It was real important for people not to hear this and go, ‘Where’s Kacey? Where’d she go? This is the third album. Oh, she just tried to get weird for weird’s sake.’ No, it’s like, I was very adamant about finding the balance and not losing my spirit or my character within all of this, but also evolving.
AP: Are you excited to go on tour with Harry Styles?
Musgraves: I love the challenge of being put with an artist that you normally probably wouldn’t think to put me with. I think it’s a brilliant combination, especially considering where his album ... the direction that went. When I got asked to do it I was like, ‘Yes, I can totally see this being so fun and making sense.’ And I honestly think that his fans are going to dig the record. And they may not know anything about country music, but hopefully they like it.
These days, people don’t think in terms of genre. You know, genres might have been created for store shelves. A categorizing system of sorts and we don’t have that anymore obviously as much, so I really just see music falling into two different categories: good and bad. I think most people are starting to see that way. A good song is a good song no matter how it’s dressed up.
AP: “Mother” is a wonderful and personal song. What was it like creating that?
Musgraves: It’s a song that, long story short, was inspired by an acid trip and my mom texting me during said acid trip, and it just open the flood gates for all these emotions and reflections on the cycle of life and mothers. The fact that I was sitting there in Tennessee missing my mom, who was sitting in Texas missing her mom, who passed away several years ago. I surprised her with the song one day. I didn’t tell her that I wrote it. I just said, ‘Hey, I have something to play for you. And I wrote this for you and it’s the shortest song on the album, but I think it’s kind of the one that means the most.’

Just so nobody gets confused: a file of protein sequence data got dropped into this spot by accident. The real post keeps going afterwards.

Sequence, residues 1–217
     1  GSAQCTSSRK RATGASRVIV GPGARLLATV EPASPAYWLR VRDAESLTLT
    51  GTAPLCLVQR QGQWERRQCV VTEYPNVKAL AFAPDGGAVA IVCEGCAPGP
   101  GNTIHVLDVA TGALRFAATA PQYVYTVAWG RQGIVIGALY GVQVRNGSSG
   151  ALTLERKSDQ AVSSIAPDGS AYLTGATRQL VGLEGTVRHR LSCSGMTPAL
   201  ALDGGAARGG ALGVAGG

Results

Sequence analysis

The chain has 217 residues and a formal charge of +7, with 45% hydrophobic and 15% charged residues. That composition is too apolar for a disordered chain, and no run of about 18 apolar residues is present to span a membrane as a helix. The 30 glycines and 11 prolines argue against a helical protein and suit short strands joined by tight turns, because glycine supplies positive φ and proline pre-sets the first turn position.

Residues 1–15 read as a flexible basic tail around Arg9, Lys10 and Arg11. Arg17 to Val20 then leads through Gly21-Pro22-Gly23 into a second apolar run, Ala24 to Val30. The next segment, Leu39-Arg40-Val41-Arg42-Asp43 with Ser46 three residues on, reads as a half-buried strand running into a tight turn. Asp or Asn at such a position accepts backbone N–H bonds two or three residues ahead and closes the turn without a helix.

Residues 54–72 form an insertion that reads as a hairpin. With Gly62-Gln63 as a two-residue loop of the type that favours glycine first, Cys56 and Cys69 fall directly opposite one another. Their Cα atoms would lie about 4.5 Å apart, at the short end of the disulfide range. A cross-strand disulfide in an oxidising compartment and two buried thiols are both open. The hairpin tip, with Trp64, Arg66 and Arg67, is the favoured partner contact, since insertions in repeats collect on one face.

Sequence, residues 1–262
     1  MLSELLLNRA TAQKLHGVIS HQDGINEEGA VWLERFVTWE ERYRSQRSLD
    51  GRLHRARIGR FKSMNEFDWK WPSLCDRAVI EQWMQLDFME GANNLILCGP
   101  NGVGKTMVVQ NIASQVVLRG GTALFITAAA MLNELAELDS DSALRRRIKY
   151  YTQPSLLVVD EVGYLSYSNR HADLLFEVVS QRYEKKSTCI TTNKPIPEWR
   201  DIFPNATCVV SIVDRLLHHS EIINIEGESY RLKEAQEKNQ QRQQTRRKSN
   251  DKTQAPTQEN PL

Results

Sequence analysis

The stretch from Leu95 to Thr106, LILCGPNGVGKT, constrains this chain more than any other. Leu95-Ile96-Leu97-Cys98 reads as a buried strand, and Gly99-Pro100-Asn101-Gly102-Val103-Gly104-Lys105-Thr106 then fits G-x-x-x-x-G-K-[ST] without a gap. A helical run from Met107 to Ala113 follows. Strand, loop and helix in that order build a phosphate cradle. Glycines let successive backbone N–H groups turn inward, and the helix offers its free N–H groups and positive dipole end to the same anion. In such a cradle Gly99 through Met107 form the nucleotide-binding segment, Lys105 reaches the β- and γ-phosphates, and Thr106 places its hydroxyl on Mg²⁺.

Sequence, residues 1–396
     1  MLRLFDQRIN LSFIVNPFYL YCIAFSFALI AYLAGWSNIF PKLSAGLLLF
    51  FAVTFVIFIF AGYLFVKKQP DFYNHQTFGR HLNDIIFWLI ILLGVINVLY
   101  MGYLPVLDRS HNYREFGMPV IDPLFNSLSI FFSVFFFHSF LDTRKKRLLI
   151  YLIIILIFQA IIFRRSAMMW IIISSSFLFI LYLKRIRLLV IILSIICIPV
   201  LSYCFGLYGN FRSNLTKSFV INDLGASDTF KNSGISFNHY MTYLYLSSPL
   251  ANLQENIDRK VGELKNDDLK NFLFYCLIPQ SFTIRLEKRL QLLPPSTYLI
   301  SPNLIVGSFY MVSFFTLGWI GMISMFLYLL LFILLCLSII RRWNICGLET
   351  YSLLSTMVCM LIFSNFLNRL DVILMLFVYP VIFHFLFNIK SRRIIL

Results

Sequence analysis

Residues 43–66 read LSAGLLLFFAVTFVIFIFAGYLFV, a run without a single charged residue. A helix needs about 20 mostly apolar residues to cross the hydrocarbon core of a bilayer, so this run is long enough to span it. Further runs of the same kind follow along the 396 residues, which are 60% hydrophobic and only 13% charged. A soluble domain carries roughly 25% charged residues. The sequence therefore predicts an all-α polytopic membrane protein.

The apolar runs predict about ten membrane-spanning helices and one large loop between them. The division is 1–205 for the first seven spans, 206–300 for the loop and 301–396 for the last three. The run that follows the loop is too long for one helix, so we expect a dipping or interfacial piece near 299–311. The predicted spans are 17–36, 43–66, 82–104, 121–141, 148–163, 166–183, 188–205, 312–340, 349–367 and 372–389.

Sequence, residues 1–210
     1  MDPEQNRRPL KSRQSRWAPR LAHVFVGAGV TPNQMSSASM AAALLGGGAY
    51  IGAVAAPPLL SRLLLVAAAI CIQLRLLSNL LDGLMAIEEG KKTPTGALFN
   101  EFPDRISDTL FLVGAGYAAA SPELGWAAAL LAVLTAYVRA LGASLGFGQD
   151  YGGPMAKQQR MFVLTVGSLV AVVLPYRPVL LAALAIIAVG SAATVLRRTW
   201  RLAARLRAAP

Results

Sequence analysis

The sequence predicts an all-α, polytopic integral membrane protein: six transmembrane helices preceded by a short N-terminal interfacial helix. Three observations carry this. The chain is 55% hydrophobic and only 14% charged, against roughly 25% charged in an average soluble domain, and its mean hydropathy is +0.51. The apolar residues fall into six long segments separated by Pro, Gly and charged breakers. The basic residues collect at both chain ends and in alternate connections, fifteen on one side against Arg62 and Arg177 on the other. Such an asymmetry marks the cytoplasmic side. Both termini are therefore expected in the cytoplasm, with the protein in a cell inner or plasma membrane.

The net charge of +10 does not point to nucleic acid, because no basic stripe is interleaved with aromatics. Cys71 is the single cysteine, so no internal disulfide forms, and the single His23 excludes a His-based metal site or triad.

AP: How has married life been for you? (She married musician Ruston Kelly in October).
Musgraves: Married life has been really fun. It feels just really solid and like I have a teammate for life. I married my best friend, so we have each other’s backs so that feels really good. Although it is hard, both being touring musicians, we got to, like, pencil each other in. But we can get through the next couple years being really busy and you know, take some time.
AP: You’ll turn 30 in August. How do you feel about that?
Musgraves: It feels really good, to be honest, to be kind of in the golden hour of my twenties. That was kind of a factor, thinking about this album. I turned 29 on August 21, which was the same exact day that the total solar eclipse happened in Nashville. And there we were, we were like smack dab making the record, it was my 29th birthday, I was about to get married, and then we had the path of totality of Nashville, and it just felt like the culmination of so many events, cosmic and personal. It was really cool. I hear from everybody that is 30-plus that your 30s are your best. I’m personally excited. Everything gets better with time. And I’m still finding inspiration and having fun, so I can’t really ask for more.